Southern California has recently been confronted with figuring out how best to dispose of a huge, 60-ton blue whale carcass. The rotting hulk was towed into harbor for examination by scientists on September 22, and after being dissected and having several internal organs removed, the whale was towed out to sea. A few days later, it washed up on a Malibu beach where lifeguards had a go out at the stinking leviathan. They also tried towing it out to sea in hopes that it would sink, but as of October 4, it had returned to a Malibu sandbar.
What to do with a dead whale is no small problem….
Blow it up and you just might end up showering blubber on hapless spectators, as did the state of Oregon in a 1970 incident still kept pungently alive on the Internet and in columns by humorist Dave Barry.
(“pungently alive on the Internet” — I can only take that as a compliment!)
An examination of the the other trepidatious options follows. These include: just walking away (“That’s not really possible on a coastline dotted with beaches, campgrounds, prized surfing spots and homes of the rich and famous.”)…. sinking it (“30 or 40 tons of blubber… floats really well. It’s like saying, ‘How many anchors do I have to hang on the side of a 30-ton boat to sink it?’ “)…. burning it (” ‘It smells like the left wing of the Day of Judgment,” [Melville] wrote. ‘It is an argument for the pit.’ “)…. burying it (“Oils from a buried whale at San Onofre State Beach… attracted white sharks to the storied surfing spot in 2003.”).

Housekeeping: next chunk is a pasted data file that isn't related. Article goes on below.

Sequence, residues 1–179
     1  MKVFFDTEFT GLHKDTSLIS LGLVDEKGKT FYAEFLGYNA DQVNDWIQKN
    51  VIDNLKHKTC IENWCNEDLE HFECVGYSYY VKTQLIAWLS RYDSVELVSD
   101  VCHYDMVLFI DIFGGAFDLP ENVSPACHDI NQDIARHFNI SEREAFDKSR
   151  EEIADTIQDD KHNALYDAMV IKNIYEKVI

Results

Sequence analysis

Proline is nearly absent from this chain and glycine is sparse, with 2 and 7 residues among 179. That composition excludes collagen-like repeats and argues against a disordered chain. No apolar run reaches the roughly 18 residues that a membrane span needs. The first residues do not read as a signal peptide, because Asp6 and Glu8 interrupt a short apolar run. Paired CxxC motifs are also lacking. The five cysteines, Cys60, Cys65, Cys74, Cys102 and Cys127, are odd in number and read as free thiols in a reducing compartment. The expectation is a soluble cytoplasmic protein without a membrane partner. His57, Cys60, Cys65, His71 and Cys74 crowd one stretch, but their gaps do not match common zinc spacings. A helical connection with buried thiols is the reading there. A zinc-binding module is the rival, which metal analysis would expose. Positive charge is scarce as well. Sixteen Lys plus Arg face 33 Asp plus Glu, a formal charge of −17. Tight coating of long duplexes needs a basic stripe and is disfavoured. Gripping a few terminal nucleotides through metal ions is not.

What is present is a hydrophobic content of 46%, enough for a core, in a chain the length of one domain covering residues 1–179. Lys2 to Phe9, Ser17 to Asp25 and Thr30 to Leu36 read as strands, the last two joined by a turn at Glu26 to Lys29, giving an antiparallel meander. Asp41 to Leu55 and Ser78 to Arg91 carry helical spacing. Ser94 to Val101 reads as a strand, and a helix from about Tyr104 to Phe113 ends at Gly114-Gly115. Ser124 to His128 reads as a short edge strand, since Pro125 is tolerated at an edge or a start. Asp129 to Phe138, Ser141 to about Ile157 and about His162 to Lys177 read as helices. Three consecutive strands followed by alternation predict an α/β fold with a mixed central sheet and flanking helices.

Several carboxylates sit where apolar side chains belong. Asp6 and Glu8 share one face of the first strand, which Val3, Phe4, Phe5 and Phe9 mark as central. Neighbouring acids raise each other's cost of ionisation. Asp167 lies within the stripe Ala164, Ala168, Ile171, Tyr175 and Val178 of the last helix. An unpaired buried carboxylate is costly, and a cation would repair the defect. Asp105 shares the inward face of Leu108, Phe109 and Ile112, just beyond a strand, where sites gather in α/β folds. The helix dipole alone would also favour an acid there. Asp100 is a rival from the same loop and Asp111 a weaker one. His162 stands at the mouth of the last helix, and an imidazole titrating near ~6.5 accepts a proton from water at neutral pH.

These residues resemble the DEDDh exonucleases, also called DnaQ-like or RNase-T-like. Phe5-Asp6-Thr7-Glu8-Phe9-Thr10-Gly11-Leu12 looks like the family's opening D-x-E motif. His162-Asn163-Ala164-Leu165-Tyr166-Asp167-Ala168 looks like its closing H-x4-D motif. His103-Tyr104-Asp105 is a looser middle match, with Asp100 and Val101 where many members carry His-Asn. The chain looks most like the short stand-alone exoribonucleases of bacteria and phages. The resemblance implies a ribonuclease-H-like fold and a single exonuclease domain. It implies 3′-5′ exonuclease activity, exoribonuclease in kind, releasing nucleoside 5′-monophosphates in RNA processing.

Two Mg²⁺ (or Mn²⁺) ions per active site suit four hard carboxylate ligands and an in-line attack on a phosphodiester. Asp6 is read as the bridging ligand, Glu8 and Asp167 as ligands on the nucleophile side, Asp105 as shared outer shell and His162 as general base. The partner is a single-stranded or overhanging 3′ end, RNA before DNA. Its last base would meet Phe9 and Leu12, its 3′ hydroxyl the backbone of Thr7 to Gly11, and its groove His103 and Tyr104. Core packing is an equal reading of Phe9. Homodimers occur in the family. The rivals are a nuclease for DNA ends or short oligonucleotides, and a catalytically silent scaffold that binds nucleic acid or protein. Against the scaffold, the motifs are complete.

Lamenting the dearth of viable options, the article returns to Oregon’s incident before ending:
For all that, nobody is suggesting that Southern California emulate Oregon in dealing with the 10 or so whales that wash up on its shores yearly.
On Nov. 12, 1970, Oregon highway workers, in collaboration with the Navy, used half a ton of dynamite to blow up a beached whale near the coastal town of Florence. A 15-square-foot chunk of blubber demolished the roof of a Buick parked a quarter-mile away.
[Bruce] Mate, the Oregon biologist, was there.
“I arrived as a young scientist and said, ‘I’d like to get in here and get some samples and measurements,’ ” he recalled. “They said, ‘OK, sonny, you’ve got about half an hour.’ ”
When the time came, Mate was ready, he said. “I moved to a faraway dune and watched it rain rancid oil all over the place.”